Miraculously, I heard the small, clear voice I knew so well.

“Information.”

I hadn’t planned this, but I heard myself saying, “Could you please tell me how to spell fix?”

There was a long pause. Then came the soft spoken answer, “I guess your finger must have healed by now.”

I laughed, “So it’s really you,” I said. “I wonder if you have any idea how much you meant to me during that time?”

“I wonder,” she said, “if you know how much your calls meant to me. I never had any children and I used to look forward to your calls.”

I told her how often I had thought of her over the years and I asked if I could call her again when I came back to visit my sister.

“Please do,” she said. “Just ask for Sally.”

Three months later I was back in Seattle.

A different voice answered, “Information.”

I asked for Sally.

“Are you a friend?” she said.

“Yes, a very old friend,” I answered.

“I’m sorry to have to tell you this,” She said. “Sally had been working part time the last few years because she was sick. She died five weeks ago.”

Before I could hang up, she said, “Wait a minute, did you say your name was Wayne?” ”

“Yes.” I answered.

Well, Sally left a message for you. She wrote it down in case you called. Let me read it to you. The note said, “Tell him there are other worlds to sing in. He’ll know what I mean.”

I thanked her and hung up. I knew what Sally meant.

Never underestimate the impression you may make on others. Whose life have you touched today?

May you find the joy and peace you long for.

Concerning Rise in Independent Thinking Attributed to School Shutdowns

If you appreciate this kind of humor, browse around over at the BabylonBee.com site… there’s plenty more where this came from!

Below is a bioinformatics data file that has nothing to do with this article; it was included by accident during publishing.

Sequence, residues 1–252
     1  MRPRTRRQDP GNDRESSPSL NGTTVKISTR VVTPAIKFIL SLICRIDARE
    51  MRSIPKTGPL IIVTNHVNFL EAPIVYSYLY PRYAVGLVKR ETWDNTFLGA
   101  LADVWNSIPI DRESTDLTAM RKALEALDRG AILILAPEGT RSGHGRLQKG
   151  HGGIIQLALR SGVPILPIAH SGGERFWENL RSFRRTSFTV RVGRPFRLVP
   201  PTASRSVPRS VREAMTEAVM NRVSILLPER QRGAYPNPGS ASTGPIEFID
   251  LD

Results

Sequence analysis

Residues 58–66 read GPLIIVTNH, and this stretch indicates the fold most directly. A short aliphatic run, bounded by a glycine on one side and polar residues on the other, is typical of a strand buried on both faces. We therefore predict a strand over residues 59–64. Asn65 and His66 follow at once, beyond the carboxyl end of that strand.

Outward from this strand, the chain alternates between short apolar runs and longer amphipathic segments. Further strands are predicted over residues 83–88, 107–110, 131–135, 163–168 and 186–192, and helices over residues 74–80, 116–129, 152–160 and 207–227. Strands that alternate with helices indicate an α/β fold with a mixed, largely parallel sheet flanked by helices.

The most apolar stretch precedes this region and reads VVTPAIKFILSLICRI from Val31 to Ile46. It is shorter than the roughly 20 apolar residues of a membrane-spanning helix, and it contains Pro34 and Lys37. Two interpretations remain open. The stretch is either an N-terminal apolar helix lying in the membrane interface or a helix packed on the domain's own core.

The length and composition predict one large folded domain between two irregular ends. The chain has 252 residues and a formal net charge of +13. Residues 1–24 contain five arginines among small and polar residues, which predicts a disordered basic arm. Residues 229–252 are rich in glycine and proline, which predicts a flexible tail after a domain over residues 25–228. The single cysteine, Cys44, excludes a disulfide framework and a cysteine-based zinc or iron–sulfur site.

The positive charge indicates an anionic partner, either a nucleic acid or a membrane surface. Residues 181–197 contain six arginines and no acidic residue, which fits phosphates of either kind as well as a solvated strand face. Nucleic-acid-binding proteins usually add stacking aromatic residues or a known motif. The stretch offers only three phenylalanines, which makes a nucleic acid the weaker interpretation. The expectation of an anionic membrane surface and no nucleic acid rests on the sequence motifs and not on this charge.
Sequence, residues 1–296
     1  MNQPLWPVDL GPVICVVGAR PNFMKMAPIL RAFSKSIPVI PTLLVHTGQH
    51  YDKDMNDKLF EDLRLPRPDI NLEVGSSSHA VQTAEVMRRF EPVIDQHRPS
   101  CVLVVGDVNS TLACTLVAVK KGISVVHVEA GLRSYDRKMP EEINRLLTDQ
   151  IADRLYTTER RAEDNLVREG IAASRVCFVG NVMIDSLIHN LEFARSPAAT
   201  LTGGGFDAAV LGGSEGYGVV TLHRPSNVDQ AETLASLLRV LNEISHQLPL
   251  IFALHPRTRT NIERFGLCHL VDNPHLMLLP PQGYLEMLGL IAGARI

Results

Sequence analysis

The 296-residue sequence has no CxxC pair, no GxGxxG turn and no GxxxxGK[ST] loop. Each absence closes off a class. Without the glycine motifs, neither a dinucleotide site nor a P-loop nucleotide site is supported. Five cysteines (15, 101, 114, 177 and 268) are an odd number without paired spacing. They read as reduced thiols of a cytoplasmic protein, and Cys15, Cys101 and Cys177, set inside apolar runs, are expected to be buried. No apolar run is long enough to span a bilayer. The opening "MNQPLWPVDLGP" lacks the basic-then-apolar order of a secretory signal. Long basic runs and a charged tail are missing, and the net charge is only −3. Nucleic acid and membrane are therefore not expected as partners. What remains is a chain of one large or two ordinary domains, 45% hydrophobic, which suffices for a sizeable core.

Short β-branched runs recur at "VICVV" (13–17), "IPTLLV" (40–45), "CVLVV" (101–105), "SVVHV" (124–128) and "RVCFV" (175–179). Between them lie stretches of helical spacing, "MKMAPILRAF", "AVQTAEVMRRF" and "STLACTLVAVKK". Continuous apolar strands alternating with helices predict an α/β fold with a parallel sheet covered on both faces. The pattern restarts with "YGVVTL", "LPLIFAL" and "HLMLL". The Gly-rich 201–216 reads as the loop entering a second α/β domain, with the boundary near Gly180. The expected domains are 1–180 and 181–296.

U.S.—A concerning rise in test scores, independent thinking, and intelligence has been attributed to public schools being shut down across the nation.

A recent study found that every day public schools have remained closed has been another day that students have become happier, better adjusted, and more likely to think for themselves. Public school teachers in particular are worried by this study, as it puts their jobs of indoctrinating our kids to think exactly like them in jeopardy.

“This is really troubling,” said seventh-grade teacher Amy Balder. “We must reopen the schools immediately before this spike in independent thought gets any worse. Students are just going to go believe anything out there willy-nilly and not just whatever I tell them. I mean, what if they discover that they can just go online and research subjects for themselves? We have a real disaster on our hands here.”

“But still, I think our schools should remain closed for at least another year or two. Can’t be too careful. Yes, I’m a brave warrior for our kids, but I am also really worried that something might happen to me.”

https://babylonbee.com/news/rising-sat-scores-attributed-to-school-shutdowns/